Photo/Illutration(Illustration by Mitsuaki Kojima)

  • Photo/Illustraion

Her birthday the odometer nothing but sevens

--Ian Willey (Takamatsu, Kagawa)

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Brand new hybrid

the dashboard icons outnumber

my birthdays

--Dottie Piet (Tulsa, Oklahoma)

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70th birthday . ..

I get the senior discount

at Popeye’s

--Ed Bremson (Raleigh, North Carolina)

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summer sky

a child draws a kite

out of the blue

--Adjei Agyei-Baah (Ghana)

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explaining the call

to a child

--Lee Nash (Poitou-Charentes, France)

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. . . beyond time

--Doris Pascolo (Milano, Italy)

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fifty years ago

students cheered

--Satoru Kanematsu (Nagoya)

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two lovers gaze

at the Northern Lights

--Tiffany Shaw-Diaz (Dayton, Ohio)

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summer space shuttles

from our campfire

shooting sparks

--Justice Joseph Prah (Accra, Ghana)

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summer cottage--

I watch the ocean

through father’s spyglass

--Eva Limbach (Saarbrucken, Germany)




Sparkling night in Venice--

Lost in a maze of calli

we lose ourselves

--Luciana Moretto (Treviso, Italy)

The haikuist and her lover disappear down narrow Venetian streets and alleys. When Teiichi Suzuki arrived at John F. Kennedy airport, he was required to pose for a photo and imprint his 10 digits. Swiss haikuist Elisa Allo posed for a classic charcoal sketch, or perhaps a watercolor, in Place du Terte, the famed art district of Paris.


am I a criminal?

fingerprint check

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Montmartre . ..

a wedding portrait better

than a thousand photos

The star festival, tanabata was celebrated on the seventh day of the seventh month on the traditional Japanese calendar. The festival is based on a Chinese legend about two hardworking celestial lovers, a seamstress and a cowherd. Kiyoshi Fukuzawa encounters someone new in Tokyo.

A new friend

his career unknown--

speaks Chinese

According to the story, the father allows them to spend time together only once a year. It is a long wait each year for the daughter, represented by the star of Vega. While waiting she weaves beautiful clothes by the heavenly river, the Milky Way. Minako Noma falls silent while praying in Matsuyama.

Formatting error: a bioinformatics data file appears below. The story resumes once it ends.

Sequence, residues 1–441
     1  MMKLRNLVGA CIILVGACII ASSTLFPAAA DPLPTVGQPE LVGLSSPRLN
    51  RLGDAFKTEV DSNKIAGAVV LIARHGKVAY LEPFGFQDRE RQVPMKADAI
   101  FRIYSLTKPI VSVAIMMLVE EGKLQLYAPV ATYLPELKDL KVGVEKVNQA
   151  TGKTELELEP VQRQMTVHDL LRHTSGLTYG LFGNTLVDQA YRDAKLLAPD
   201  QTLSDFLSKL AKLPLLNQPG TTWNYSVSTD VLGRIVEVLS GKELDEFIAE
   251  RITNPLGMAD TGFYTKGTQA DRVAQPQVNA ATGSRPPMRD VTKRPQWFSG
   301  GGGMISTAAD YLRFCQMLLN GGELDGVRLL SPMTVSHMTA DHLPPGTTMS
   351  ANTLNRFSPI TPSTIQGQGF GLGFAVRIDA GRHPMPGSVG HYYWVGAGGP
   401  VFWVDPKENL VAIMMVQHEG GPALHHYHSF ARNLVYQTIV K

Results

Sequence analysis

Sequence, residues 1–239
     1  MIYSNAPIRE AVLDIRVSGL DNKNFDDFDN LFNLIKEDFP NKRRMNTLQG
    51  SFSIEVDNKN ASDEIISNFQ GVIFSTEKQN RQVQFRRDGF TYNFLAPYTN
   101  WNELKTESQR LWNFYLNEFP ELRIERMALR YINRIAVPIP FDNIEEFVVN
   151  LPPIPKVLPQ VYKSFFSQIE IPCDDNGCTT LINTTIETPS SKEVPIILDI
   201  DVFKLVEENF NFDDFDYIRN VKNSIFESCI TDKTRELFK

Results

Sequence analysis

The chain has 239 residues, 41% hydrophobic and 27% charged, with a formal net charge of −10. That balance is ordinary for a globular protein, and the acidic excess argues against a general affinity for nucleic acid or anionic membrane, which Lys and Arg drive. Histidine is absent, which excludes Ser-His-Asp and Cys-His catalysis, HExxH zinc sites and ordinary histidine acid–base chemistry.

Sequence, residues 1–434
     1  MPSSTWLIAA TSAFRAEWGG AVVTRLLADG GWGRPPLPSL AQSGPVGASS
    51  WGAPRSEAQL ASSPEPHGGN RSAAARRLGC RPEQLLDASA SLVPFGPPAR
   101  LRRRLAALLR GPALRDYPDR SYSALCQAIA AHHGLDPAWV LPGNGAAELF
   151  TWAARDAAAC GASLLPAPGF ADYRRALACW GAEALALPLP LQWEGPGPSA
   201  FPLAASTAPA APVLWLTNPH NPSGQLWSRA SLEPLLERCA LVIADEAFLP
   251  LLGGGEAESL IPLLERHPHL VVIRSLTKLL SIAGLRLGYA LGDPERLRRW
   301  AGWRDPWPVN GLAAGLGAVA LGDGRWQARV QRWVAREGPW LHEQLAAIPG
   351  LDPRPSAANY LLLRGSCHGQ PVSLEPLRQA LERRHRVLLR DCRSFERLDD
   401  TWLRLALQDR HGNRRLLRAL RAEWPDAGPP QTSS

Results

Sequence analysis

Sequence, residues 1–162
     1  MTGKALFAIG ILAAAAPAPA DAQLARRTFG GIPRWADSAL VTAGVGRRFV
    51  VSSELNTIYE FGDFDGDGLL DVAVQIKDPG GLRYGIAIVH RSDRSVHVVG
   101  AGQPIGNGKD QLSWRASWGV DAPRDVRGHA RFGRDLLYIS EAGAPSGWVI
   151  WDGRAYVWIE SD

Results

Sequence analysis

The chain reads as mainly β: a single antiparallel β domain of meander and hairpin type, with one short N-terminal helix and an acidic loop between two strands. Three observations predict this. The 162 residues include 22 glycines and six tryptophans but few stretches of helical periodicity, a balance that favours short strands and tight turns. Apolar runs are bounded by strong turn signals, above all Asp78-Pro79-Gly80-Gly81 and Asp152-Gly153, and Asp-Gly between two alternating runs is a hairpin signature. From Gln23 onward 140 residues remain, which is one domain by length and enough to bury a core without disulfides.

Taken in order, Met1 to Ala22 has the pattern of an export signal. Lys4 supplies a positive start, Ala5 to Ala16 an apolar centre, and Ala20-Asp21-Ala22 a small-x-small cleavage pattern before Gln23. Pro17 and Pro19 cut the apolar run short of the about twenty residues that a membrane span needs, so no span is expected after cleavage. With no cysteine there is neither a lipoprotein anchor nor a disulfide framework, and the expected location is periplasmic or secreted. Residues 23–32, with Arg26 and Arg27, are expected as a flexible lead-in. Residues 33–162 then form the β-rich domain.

Japanese iris garden, alone

by the mountain temple

Noma loves the soft touch and smell of flowers.

Blue water lily

flowing in the breeze

so eager to touch

The exact equivalent of the traditional seventh day of the seventh month in the Gregorian calendar varies from year to year, but it usually occurs in August. In many communities, however, tanabata celebrants steadfastly adhere to the auspicious pair of sevens date. Milanese poet Eufemia Griffo eyes Bellatrix, the third brightest star in the Orion constellation. The blue star forms the giant’s shoulder and its Latin name means a female warrior.

Gamma Orionis . ..

a blue star crosses

the July sky

Satoru Kanematsu suggests an idea to his granddaughter.

Let them go--

the fireflies might turn

into stars

Switching from the lunar to the Gregorian calendar in 1873 brought about numerous disputes as to whether traditional events should be rescheduled and when they should be referred to in haiku.

Since kigo are affiliated with seasonal events, modern haiku poets have had to reconsider the application of haiku nomenclature and their sequence to the seasons. Junko Yamada turns the leaves of her new poetry book, “Four Seasons” by Satoru Kanematsu.

Scented page

new poetry book;

brilliant green leaves


The next issue of the Asahi Haikuist Network appears July 21. Readers are invited to send haiku about summer in the city on a postcard to David McMurray at the International University of Kagoshima, Sakanoue 8-34-1, Kagoshima, 891-0197, Japan, or by e-mail to (

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David McMurray has been writing the Asahi Haikuist Network column since April 1995, first for the Asahi Evening News. He is on the editorial board of the Red Moon Anthology of English-Language Haiku, columnist for the Haiku International Association, and is editor of Teaching Assistance, a column featuring graduate students in The Language Teacher of the Japan Association for Language Teaching (JALT).

McMurray is professor of intercultural studies at The International University of Kagoshima where he lectures on international haiku. At the Graduate School he supervises students who research haiku. He is a correspondent school teacher of Haiku in English for the Asahi Culture Center in Tokyo.

McMurray judges haiku contests organized by Ito En Oi Ocha, Asahi Culture Center, Matsuyama City, Polish Haiku Association, Ministry of Foreign Affairs, Seinan Jo Gakuin University, and Only One Tree.

McMurray's award-winning books include: "Only One Tree Haiku, Music & Metaphor" (2015); "Canada Project Collected Essays & Poems" Vols. 1 -- 8 (2013); and "Haiku in English as a Japanese Language" (2003).